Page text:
Mission Motivation, Mission Manipulation July 15, 2010Posted by Dan R. Dick in Communication in the Church, Missions, serving those in need.
Tags: Christian service, church marketing
I witnessed one of the best missions presentations today at the Wisconsin School of Christian Mission. Anita Ayers Henderlight, Executive Director of the Africa Education & Leadership Initiative presented an uplifting, positive, informative, hopeful and highly motivational program on the Sudan. Uplifting? Positive? Hopeful? SUDAN? What gives? The United Methodist Church produces an unending stream of media decrying how awful and terrible things are in the Sudan, especially Darfur. And yes, there are many challenges in the region, but that’s only half the story. The real difference isn’t about who is telling the truth — the real difference is who is using motivation and who is resorting to manipulation.
One of the most immediate differences in Anita’s presentation is that it is about real people in real settings living their real lives. There are very few posed pictures; no sincere-looking Pastor Happy showing how concerned he is in every third shot. No images designed to tug at the heartstrings in a calculated way. No crying babies covered in flies with open wounds, no distended bellies, not hopeless empty gazes. What is striking about Anita’s images are the number of smiling, happy people. Are they struggling in difficult settings? You bet. Are they in danger from disease and violence? No question. Are they living lives of quiet desperation? No way! The images in this morning’s presentation were of possibilities, not problems; hope, not despair; people pulling together, not people coming apart. Anita is committed to creating something beautiful, not merely eliminating something bad. It is such a hopeful, powerful message — one which I wish our whole denomination would pay attention to.
Doing good is its own reward. Seeing our efforts make a difference is meaningful. Being beaten over the head by the immensity of the problems is not. Sure, we might guilt someone into giving a dollar or two, and we may manipulate people’s emotions enough to make them part with their hard-earned cash, but research shows that in such cases, once people give a few bucks they move on, figuring that they did their part and nothing more is expected. However, when people contribute to building something positive, they tend to invest for a longer period of time. Modern marketing techniques are all about behavior modification and short-term results. Too bad we have adopted so much from modern marketing…
Years ago (1985), I returned from a mission trip to Haiti. I put together a slide show and presented it all over the Northern (now Greater) New Jersey Annual Conference. The pictures showed our projects, the people we worked with, the people we worked for, and the children of the villages/towns. Scene after scene showed laughing, playing, singing people. Some of the poorest people I ever met laughed almost constantly. They were gentle and kind, and their spirit shown through the pictures. Even in an orphanage where the majority of the children were sick — some terminally so — most of the pictures showed smiling or laughing people. When I showed the slide show around the conference, many people commented, “This isn’t what I expected. On TV all you see are crying babies and sad mothers and fly encrusted sores. Where are all those people?” Well, they were there. They were just hard to find. Most people that I have met in Haiti, Africa, Central and South America are not living under a cloud of despair. They cope. They persevere. They prevail. Sadly, there are many leaders in our church who are afraid happy, contented people aren’t compelling enough to use to raise money. So, they look for the heart-tuggers and the tragedies.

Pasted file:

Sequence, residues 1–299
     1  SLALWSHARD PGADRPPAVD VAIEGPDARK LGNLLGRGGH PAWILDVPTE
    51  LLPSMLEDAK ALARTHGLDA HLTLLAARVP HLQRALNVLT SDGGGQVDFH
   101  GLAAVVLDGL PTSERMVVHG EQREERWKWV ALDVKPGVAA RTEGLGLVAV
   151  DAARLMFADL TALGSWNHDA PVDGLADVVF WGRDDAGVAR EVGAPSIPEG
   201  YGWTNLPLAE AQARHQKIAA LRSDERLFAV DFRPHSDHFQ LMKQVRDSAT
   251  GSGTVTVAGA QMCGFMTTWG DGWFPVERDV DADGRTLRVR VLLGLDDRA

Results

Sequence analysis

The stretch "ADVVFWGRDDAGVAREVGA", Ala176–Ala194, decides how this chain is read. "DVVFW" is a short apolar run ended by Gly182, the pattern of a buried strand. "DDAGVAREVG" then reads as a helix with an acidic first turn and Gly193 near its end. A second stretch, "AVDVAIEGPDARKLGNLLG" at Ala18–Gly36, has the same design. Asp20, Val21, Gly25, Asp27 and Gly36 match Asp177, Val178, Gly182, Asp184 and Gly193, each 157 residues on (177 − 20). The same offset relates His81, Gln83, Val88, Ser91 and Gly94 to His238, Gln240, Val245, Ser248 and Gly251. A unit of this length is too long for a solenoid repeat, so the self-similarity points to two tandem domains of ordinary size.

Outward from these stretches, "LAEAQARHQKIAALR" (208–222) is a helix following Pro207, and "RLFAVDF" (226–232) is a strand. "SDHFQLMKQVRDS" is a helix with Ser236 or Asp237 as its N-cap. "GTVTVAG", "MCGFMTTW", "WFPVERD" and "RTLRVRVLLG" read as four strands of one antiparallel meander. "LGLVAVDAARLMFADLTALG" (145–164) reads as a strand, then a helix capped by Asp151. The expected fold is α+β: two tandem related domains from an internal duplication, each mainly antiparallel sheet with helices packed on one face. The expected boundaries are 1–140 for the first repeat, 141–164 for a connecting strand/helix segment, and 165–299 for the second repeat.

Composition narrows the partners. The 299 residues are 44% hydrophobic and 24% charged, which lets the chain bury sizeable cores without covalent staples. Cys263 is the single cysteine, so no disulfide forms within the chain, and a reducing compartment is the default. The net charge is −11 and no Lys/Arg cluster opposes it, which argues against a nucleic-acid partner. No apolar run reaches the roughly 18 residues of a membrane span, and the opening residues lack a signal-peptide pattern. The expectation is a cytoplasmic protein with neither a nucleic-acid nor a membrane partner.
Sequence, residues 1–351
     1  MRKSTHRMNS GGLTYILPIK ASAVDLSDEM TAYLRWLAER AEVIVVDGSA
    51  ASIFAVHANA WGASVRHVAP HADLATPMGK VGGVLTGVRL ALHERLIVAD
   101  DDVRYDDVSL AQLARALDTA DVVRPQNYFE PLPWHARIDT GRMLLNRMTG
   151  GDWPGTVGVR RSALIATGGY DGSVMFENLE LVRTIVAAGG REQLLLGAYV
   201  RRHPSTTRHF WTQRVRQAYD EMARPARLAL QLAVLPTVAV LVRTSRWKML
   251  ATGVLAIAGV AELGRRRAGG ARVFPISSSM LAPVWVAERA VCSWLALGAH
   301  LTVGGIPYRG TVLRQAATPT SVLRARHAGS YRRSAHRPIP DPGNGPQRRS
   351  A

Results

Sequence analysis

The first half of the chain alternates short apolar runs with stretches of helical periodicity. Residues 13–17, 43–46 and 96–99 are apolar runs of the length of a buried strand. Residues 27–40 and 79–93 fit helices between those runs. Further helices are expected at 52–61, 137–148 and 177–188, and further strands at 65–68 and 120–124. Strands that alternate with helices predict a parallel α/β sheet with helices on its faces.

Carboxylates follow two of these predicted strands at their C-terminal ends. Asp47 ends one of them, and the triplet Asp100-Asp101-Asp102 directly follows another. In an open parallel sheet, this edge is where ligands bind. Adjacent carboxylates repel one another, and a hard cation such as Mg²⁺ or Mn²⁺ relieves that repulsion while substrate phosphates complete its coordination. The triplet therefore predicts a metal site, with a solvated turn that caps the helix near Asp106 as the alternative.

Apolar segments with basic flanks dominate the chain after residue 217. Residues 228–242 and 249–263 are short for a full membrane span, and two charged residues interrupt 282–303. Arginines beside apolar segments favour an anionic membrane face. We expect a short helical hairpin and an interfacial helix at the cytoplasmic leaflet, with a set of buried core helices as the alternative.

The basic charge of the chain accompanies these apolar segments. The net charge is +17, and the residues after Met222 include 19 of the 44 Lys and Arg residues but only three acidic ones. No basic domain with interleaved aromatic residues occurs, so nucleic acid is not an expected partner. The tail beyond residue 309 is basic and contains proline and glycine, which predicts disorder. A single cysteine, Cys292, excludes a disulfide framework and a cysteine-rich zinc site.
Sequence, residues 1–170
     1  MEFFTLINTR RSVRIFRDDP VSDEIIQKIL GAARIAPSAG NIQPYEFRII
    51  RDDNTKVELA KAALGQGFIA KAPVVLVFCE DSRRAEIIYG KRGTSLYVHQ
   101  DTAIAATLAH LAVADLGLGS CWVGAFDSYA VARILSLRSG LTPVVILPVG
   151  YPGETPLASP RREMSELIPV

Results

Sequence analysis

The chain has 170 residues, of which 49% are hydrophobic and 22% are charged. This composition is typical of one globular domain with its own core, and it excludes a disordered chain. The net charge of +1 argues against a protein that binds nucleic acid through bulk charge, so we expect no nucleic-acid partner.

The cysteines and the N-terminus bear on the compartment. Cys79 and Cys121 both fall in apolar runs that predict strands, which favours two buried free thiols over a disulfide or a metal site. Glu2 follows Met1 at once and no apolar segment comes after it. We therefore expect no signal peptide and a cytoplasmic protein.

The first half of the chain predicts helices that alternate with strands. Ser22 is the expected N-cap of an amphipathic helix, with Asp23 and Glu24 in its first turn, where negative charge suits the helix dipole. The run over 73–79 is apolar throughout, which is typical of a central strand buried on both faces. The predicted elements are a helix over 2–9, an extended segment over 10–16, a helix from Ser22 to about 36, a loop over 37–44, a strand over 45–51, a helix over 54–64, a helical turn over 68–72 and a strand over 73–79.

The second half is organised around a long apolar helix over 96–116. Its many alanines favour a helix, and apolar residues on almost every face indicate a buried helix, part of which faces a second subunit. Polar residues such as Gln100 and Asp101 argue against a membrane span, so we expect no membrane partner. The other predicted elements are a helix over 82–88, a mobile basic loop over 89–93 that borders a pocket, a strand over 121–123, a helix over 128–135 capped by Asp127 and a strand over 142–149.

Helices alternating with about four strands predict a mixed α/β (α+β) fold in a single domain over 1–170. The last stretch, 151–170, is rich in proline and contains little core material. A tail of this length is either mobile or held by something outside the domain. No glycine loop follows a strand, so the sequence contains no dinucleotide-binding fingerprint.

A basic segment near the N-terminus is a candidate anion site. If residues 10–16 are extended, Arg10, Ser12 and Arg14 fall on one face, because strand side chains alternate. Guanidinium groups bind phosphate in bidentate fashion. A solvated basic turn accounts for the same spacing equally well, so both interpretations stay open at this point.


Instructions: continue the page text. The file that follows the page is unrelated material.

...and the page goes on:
I know well over a hundred people who serve (or have served) as missionaries. Almost universally they speak of the courage, strength, nobility and spirit of the people they serve. They are motivated to make things better, and while they honestly and realistically understand the life-and-death challenges people face, rarely do they use such information to manipulate.
Don’t get me wrong. There is great suffering and great human need. Most Haitians were not laughing, singing and dancing in the streets following the recent earthquake. It was appropriate to share images of that suffering and tragedy to raise both awareness and funds for the situation. Yet, people cannot long exist in that hyped-up condition of concern and compassion. The sad fact is that the needs in Haiti are as great today as they were a few months ago, but the support is no longer there. Many Americans believe that we “took care” of that problem; unaware of the needs and demands that continue. However, a news report the other day talked to some relief workers in Haiti who were commenting on how bad things still are. And in the background? A small group of children laughing and playing in the rubble.
United Methodists do not need to be manipulated. We don’t need another slick video highlighting how compassionate and caring the pastor is as he holds a fragile child on his lap. We don’t need cunningly spun stories and images telling half-truths and untruths aimed at raising money. What we need is to know what is really going on. We need to connect with people around the world to make this world a better place. We don’t need marketed campaigns. We need to build relationships with real people doing real work to make a real difference. I cannot tell you how wonderful it was to see an authentic and balanced presentation on a significant mission opportunity in the Sudan. It made me proud to be United Methodist… something I don’t feel nearly as often as I would like.